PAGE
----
This morning I was about to put a CD in the car stereo when a song came on the radio that made me pause and grin. It was Bruce Springsteen singing “Santa Clause is Coming to Town,” and I smiled because the song reminded me of Lora.
Lora was a humor editor at the old Gibson Greetings when I worked there as a writer. She was a few years older than me (mid-40s at the time, I think), short and pleasantly round, with a face like a Scandinavian Christmas elf.
Lora was a character in a lot of ways, but what I loved in particular was her annual Christmas tradition. Lora listened to WEBN, one of our local rock stations, on headphones at her desk as she read humor card submissions. There came a time each November or December when Lora heard Springsteen’s Santa song for the first time that year. At that point she would don a braided, stuffed fabric door wreath like a turban and go dancing through the editorial department, announcing to everyone that the Christmas season had officially begun!
The thick, padded wreath made her look like one of the magi in a headdress, which wasn’t such a bad holiday image, either. Once, we were going down to the cafeteria for something, and Lora decided to wear her wreath. It was disconcerting how few people saw any humor in it. In fact, dour souls in the hallways actually scowled at her. Lora didn’t really seem to care.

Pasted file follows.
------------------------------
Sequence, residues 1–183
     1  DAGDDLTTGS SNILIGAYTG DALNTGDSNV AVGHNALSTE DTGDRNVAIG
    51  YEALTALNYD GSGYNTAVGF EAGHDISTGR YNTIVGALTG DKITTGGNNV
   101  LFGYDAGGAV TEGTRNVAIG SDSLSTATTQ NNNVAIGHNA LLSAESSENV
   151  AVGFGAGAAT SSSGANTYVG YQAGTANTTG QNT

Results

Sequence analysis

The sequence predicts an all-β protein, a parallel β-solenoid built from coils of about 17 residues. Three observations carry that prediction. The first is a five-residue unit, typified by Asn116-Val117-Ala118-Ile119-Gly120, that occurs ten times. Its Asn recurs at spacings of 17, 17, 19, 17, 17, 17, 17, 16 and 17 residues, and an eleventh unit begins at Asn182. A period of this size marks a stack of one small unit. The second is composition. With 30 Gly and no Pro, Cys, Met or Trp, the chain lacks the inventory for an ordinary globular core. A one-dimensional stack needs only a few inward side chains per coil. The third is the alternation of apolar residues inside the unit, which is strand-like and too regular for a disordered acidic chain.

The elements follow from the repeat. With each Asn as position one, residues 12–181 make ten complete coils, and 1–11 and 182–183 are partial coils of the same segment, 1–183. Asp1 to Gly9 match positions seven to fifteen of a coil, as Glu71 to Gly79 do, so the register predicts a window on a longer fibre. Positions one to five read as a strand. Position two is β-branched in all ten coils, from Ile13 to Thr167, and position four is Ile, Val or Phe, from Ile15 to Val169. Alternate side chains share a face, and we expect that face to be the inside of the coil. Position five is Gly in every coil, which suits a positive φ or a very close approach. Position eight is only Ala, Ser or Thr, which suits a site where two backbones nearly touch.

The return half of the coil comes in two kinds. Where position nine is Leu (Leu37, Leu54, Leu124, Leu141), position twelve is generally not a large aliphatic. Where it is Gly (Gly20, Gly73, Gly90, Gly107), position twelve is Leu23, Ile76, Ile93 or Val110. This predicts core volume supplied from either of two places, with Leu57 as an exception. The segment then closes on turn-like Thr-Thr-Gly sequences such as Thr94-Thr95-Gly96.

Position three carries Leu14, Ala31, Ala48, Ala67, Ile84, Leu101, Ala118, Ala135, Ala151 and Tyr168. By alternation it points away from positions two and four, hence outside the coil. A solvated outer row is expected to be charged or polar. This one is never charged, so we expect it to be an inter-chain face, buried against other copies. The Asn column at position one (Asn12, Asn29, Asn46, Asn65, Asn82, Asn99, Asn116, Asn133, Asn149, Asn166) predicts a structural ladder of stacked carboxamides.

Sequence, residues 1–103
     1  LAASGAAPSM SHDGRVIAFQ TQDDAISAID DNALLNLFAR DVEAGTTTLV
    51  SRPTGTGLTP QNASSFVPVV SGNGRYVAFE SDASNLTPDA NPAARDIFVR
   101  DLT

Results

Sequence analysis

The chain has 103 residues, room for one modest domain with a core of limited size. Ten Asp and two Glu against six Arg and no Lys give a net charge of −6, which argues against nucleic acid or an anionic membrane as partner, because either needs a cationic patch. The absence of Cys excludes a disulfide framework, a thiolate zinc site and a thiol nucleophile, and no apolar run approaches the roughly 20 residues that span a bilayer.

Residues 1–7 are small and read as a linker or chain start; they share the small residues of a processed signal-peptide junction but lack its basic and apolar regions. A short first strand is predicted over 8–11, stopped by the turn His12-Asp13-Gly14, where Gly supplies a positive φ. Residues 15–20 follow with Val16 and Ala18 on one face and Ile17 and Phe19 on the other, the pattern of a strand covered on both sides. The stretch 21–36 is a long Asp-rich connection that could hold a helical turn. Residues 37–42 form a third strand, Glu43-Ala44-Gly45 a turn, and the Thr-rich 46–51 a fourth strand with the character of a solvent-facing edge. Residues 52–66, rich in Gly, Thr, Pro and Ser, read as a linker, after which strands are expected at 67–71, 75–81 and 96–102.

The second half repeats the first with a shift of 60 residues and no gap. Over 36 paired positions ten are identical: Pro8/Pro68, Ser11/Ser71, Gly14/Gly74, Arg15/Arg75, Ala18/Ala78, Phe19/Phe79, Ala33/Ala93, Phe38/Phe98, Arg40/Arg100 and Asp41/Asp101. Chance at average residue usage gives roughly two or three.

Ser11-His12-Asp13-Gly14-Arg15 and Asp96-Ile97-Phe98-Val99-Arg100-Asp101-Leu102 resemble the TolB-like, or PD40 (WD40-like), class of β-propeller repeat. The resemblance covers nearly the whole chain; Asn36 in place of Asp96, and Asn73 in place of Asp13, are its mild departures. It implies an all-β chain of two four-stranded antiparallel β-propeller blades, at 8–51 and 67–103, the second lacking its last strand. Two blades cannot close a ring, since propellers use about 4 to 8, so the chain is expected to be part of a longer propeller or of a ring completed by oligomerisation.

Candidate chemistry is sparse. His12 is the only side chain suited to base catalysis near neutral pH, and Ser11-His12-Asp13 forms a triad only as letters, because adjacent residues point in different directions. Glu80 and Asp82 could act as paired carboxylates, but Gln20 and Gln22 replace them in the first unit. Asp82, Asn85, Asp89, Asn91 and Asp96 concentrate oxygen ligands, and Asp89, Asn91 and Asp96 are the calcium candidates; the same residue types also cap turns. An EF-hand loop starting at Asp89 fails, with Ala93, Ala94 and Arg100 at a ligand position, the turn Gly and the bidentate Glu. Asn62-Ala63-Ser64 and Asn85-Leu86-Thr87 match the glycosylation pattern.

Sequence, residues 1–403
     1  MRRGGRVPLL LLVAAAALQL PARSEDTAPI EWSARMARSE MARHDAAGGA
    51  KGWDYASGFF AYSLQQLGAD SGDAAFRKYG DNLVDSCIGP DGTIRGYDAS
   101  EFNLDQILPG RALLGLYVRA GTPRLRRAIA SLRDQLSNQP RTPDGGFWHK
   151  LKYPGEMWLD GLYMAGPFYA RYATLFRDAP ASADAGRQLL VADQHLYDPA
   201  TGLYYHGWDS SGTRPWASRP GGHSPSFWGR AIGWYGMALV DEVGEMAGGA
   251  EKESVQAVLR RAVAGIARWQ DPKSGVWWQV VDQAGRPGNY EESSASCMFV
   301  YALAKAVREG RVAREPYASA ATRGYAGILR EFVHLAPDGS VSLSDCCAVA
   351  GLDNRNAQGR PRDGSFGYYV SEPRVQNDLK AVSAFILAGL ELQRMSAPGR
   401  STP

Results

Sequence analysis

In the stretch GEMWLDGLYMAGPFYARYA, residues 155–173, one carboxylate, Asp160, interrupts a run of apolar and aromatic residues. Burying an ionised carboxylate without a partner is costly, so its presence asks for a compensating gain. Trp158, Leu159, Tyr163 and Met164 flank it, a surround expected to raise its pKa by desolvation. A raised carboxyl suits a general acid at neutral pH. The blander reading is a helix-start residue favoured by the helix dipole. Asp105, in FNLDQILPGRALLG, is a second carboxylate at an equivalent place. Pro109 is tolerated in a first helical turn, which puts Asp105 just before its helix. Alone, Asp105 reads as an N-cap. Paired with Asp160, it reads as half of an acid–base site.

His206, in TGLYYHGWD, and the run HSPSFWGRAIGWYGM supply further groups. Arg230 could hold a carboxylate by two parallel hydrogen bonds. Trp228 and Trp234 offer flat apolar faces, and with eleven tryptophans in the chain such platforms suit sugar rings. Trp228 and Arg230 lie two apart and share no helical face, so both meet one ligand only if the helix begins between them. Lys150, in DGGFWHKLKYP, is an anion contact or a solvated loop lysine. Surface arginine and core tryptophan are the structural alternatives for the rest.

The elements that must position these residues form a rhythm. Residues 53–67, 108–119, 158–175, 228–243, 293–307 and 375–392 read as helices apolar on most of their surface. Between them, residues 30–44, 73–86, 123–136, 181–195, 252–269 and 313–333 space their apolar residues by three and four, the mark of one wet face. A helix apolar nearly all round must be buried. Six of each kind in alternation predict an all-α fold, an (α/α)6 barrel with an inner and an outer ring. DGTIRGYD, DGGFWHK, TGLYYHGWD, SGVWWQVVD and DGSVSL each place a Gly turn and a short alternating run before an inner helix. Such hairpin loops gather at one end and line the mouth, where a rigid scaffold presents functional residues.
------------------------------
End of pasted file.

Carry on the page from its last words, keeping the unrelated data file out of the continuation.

Lora passed away about ten years ago. She’d been let go in one of the massive layoffs that struck Gibson in the 90s, and she never really recovered. She stagnated at home, smoking and eating too much of all the wrong foods (she had severe diabetes). She succumbed on the operating table during heart surgery. She’d been gone from Gibson a few years by that time, but the loss was felt and lamented.
I’m not certain, but I think she didn’t take her stuffed Christmas wreath with her when she was let go. I always wondered what became of it. It doesn’t matter. Whenever I hear The Boss’s gritty version of “Santa Clause is Coming to Town,” I see Lora dancing again. She’s still short and plump, but she’s lighter on her feet than she ever was as she strutted through the maze of cubicles. Her crown is still the wreath of stuffed, braided calico, but she shimmers as if she were crowned with The Star and the gold and jewels of the Wise Men who followed it.
Hey, Lora! I guess the Christmas season officially began this morning.